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Top Texas officials again urged health care providers to administer more coronavirus vaccines Tuesday, the same day the state reported that the proportion of Texans whose coronavirus tests come back positive has hit levels not seen since a summer wave of cases that overwhelmed some hospitals.
The state reported Tuesday that 163,700 Texans had been vaccinated with at least one dose of the vaccine. About 1.2 million doses have been allocated to providers across the state through the first three weeks since their arrival, according to the Department of State Health Services.
That tweet came after health officials asked providers that received doses of the COVID-19 vaccine to “immediately vaccinate” all eligible Texans, including people 65 and older and those who are at least 16 with a qualifying medical condition. That renewed push echoed a statement Dr. John Hellerstedt, commissioner of the Texas DSHS, sent to providers last week directing them to “administer their entire allotment with all deliberate speed.”
"Dr. Hellerstedt put out that statement today to make it clear to all providers that people over the age of 65 and people with medical conditions that put them at greater risk of severe disease of death from COVID-19 are eligible to receive vaccine now," said spokesperson Douglas Loveday. "Vaccine supply remains limited but more vaccine will be delivered to providers each week. It will take time to vaccinate everyone in those priority groups."
Texas officials' push for providers to administer more vaccines comes as Texas’ seven-day average COVID-19 positivity rate has remained above 15% for one week, according to data the state released Tuesday. And that sustained rise in the rate comes one day after the state reported a record number of Texans hospitalized with the virus.
“We can expect an increasing surge in case numbers over the coming weeks as a result, and not far behind the surge in cases will be a surge in hospitalizations and potential fatalities,” said Angela Clendenin, an epidemiologist and biostatistician at the Texas A&M University School of Public Health.
Clendenin said the rising positivity rate is likely in part due to a greater number of tests among people who are asymptomatic and those who have only mild symptoms.
On Tuesday, the state reported that 17.15% of molecular coronavirus tests came back as confirmed cases over the last seven days. The seven-day average positivity rate has remained above 15% since Dec. 22.
Abbott in May said that a sustained positivity rate above 10% was cause for alarm.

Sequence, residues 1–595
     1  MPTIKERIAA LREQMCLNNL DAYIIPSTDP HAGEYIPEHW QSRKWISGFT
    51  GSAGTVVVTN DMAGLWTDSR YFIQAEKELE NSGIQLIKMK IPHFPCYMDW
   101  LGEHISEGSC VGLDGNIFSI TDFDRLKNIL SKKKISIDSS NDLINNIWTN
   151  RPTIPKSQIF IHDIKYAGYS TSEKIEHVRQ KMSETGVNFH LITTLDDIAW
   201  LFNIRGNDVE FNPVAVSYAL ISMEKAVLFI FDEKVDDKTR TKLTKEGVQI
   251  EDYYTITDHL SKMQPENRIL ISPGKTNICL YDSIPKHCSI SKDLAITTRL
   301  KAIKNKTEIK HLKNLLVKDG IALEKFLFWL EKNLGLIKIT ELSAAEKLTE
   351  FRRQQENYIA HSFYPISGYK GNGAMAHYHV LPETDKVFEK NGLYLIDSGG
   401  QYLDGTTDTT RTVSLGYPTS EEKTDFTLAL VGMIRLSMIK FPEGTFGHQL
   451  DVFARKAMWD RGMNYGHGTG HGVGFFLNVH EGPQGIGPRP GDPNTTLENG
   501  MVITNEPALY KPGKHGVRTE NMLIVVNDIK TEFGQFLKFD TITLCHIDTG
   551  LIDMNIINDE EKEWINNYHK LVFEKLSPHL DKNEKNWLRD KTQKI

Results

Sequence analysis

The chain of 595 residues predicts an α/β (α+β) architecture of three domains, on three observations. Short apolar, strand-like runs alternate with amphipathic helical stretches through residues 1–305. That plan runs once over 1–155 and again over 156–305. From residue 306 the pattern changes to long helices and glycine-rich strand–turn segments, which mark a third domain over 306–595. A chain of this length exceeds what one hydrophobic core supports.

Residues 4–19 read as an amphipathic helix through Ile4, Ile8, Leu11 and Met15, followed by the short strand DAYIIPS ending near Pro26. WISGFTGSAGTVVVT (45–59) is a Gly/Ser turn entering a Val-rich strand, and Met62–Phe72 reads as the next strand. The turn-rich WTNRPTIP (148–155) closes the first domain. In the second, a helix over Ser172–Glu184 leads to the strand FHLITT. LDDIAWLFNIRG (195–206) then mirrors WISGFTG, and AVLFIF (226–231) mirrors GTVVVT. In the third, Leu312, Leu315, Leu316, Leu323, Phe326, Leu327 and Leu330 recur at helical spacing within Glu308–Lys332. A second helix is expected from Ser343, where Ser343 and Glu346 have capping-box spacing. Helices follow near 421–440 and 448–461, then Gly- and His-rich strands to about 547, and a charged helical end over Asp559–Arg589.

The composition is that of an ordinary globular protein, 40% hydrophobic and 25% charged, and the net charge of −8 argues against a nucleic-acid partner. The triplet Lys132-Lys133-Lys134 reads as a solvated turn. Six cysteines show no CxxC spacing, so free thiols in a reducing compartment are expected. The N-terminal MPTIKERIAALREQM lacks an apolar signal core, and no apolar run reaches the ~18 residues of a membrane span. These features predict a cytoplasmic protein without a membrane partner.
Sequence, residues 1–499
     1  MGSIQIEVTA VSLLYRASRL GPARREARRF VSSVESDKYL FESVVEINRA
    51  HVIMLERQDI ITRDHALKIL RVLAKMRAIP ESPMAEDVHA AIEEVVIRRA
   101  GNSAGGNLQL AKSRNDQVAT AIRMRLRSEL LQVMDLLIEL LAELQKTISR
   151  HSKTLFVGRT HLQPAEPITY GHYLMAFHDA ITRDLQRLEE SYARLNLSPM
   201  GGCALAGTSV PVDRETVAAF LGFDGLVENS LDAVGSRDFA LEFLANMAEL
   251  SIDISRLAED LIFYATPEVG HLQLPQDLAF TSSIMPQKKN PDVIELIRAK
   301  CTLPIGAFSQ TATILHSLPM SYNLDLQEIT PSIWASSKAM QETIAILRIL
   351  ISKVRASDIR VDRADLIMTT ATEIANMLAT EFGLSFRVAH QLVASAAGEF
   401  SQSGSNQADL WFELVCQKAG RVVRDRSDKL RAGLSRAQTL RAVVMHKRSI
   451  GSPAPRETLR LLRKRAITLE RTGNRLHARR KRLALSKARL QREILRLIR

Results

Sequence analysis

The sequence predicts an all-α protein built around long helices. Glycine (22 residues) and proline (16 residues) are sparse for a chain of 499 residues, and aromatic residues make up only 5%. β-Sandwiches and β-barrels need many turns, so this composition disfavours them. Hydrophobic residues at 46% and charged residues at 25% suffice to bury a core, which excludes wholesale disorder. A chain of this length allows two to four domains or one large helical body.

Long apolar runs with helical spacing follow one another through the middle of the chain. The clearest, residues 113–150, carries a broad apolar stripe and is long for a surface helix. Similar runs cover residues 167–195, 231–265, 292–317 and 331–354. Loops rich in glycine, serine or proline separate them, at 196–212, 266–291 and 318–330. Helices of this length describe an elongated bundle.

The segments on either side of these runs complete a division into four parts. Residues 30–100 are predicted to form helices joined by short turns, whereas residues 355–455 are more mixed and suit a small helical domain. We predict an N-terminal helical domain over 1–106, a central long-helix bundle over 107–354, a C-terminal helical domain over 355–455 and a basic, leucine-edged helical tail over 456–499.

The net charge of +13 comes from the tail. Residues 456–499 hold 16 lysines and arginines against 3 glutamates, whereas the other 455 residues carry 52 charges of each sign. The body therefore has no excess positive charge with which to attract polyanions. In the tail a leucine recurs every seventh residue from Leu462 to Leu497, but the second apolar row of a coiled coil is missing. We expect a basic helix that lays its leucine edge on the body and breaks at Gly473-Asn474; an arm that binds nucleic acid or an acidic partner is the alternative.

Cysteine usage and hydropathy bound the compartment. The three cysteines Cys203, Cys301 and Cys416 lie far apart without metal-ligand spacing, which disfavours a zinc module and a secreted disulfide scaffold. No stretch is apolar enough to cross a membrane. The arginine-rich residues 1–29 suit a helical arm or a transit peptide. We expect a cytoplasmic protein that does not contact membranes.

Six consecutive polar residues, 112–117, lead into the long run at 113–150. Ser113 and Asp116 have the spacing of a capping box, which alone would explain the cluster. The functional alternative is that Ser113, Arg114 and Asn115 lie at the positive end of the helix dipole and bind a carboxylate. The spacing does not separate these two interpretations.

“If the positivity test rate is more than 10%, that’s one of those red flags that we begin to look at,” Abbott said at a May 5 press briefing.
But in recent months, Abbott has repeatedly sworn off any new shutdowns. Instead, he has pointed to a statewide mask mandate that remains in effect and certain occupancy reductions that are triggered when the proportion of a region’s COVID-19 patients exceeds 15% of hospital capacity for seven days. A Texas Tribune analysis found those restrictions did little to ease burdened health care systems in areas hit hardest by the virus.
“Gov. Abbott continues to rely on the data-driven hospitalization metrics used by doctors and medical experts to help inform and guide the state’s ongoing efforts to mitigate COVID-19,” said spokesperson Renae Eze. “As some communities experience a rise in hospitalizations, the state of Texas is working closely with local officials to quickly provide the resources needed to address these spikes and keep Texans safe, including surging medical personnel and supplies.”
In September, the Texas DSHS began publishing a new version of the state’s positivity rate. It takes into account the date a test was administered, not when it was reported. That change in reporting revealed that the share of people receiving positive test results was higher in the spring than originally disclosed.
Texas’ rising positivity rate is the latest in a series of metrics that has worried public health experts, particularly in the midst of the holiday season which could exacerbate an already spreading virus.
On Monday, the state reported more Texans were hospitalized with the virus than at any point during the pandemic. And earlier this month, the state’s stock of available intensive care beds sank to its lowest point yet. There were 11,775 people in hospitals on Tuesday and 653 available ICU beds.
Two weeks ago, Texas began vaccinating front-line health care workers and nursing home residents and staff, marking a significant first step in the fight against the coronavirus. But experts estimate that it will take between six and nine months for the COVID-19 vaccine to be widely available.
“It is more important than ever, where we find ourselves today, to remain extra vigilant about physical distancing, mask wearing, good hand hygiene, and avoiding non-essential travel and gatherings with others outside of our households until the vaccine becomes widely available and a significant number of people become vaccinated,” Clendenin said.
Mandi Cai contributed to this story.
Disclosure: Texas A&M University has been a financial supporter of The Texas Tribune, a nonprofit, nonpartisan news organization that is funded in part by donations from members, foundations and corporate sponsors. Financial supporters play no role in the Tribune's journalism. Find a complete list of them here.